“One of the most important trends has been the evolution of Miami as a year-round destination for arts and culture. There was a time when one talked about an ‘arts season,’ but over the years an explosion in the Miami arts scene has led to Miami-Dade being a must-visit location to see important work by a variety of artists throughout the year. One example of this is PAMM’s first major exhibition focused on Jean-Michael Basquiat’s notebooks that ran from August until mid-October. The beautifully organized retrospective of this very important artist and accompanying interactive gallery was well received by visitors and journalists alike during a time that was once considered ‘out of season.’  Miami has indeed become a global arts capital.”

Frank Steslow, President, Frost Museum of Science

“There is a long-term vision to broaden our scope and partner with the other cultural entities in Miami to create larger, inter-organizational events. The relocation of the Frost Museum to Downtown has added to what is becoming a museum campus, together with the Pérez Art Museum of Miami, the Adrienne Arsht Center, American Airlines Arena and even the Children’s Museum on Jungle Island. All of these institutions come together geographically and create valuable critical mass that positions us as not only a focal point of Miami but also as a cultural hub within the city, as well as the region.”

Howard Herring, President, New World Symphony

“Miami might be ahead of other 21st-century cities in reimagining the impact of philanthropic investment in cultural programs. Traditional philanthropy calls for generous support for the gap between earned revenue and the cost of artistic endeavors. Just now in Miami, donors are becoming investors in art forms and institutions, realizing the work of artists and institutions has direct impact on the economic sustainability and social viability of the community.”

Kobi Karp, President, Kobi Karp Architecture and Interior Design

“One of the major artistic and design trends taking place in cities around the world is that municipalities are building up their artistic and cultural community centers in the urban core.”

Pérez Art Museum (PAMM): http://pamm.org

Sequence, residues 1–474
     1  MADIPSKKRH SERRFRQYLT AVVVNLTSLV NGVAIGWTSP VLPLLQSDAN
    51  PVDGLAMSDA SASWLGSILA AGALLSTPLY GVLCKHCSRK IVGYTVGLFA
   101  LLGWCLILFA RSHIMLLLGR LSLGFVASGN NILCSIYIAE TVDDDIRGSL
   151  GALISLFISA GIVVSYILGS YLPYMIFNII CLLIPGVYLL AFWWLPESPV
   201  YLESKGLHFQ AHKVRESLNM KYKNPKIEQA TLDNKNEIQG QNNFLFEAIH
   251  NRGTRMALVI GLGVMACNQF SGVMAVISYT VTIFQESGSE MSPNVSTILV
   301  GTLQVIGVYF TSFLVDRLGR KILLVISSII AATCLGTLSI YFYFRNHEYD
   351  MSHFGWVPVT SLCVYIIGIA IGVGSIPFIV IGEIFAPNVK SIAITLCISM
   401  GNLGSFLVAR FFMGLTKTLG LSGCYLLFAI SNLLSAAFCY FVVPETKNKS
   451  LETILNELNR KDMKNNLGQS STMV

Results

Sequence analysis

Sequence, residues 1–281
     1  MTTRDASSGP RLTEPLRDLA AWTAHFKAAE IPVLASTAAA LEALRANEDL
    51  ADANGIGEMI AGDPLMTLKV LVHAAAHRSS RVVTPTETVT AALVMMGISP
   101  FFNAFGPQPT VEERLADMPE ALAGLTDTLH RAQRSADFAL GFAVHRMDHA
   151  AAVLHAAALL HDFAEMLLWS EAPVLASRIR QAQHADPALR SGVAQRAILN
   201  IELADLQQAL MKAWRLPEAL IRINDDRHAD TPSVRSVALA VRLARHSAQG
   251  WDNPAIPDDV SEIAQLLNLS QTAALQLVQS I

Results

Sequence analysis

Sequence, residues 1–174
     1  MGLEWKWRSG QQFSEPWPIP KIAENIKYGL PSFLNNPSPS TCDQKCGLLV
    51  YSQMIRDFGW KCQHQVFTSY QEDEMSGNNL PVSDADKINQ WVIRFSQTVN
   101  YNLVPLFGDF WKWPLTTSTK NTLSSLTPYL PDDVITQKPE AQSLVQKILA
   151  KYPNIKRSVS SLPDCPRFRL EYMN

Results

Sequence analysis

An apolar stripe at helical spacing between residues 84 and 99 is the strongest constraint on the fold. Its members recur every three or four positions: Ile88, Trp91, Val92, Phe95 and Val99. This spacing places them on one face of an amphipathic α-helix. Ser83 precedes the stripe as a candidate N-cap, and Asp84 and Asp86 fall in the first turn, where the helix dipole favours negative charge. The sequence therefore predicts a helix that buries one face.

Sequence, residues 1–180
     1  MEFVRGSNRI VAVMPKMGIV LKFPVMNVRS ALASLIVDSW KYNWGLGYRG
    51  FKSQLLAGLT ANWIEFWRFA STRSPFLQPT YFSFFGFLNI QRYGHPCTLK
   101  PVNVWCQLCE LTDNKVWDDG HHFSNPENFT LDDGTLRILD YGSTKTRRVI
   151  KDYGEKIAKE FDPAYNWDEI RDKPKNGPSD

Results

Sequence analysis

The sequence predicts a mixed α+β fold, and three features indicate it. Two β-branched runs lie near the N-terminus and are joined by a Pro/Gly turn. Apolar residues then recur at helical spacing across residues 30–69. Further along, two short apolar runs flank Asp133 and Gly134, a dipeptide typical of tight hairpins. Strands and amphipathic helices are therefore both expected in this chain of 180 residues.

Frost Museum of Science: https://www.frostscience.org
New World Symphony: https://www.nws.edu
Kobi Karp Architecture and Interior Design: http://kobikarp.com

The Shared Economy and What It Means for South Florida

 

February 2018 — Despite Hurricane Irma barreling through the region last fall, a record 88.2 million visitors came to Florida during the first nine months of 2017, a 3.3 percent increase over the same time period in the previous year. More specifically, South Florida welcomed more than 112 million visitors in 2016 and over 60 million visitors by mid-2017. The number of tourists who came to visit in 2016 set another record, surpassing the 106.6 million visitors in 2015 by 5.9 percent.

This pattern of growth is no coincidence. South Florida has been attracting tourists from far and wide with its vibrant cultural offerings as it slowly develops into a globally recognized art capital.

Despite, or perhaps because of, this increasing trend, there is fierce competition in the South Florida hospitality industry. The shared economy — particularly peer-to-peer home exchanges like Airbnb — has been increasingly vying with Miami and Fort Lauderdale hotels to meet visitors’ accommodation needs.

“The presence of Airbnb has been a bigger threat to the hotel market in Miami-Dade than in Greater Fort Lauderdale, but its impact is increasingly making itself felt here,” Bill Cunningham, general manager of Bahia Mar, told Invest:. “Everybody in the hotel industry is still trying to quantify the impact that it is having on hotels, and hoteliers have certainly been surprised by the growth in the number of Airbnb units there are in the county.”

One thing is certain: traditional hotels can no longer ignore the fact that the shared economy is here to stay. Miami-Dade County is one of the top 5 Airbnb destinations in the country, with 6,800 hosts renting their homes to visitors.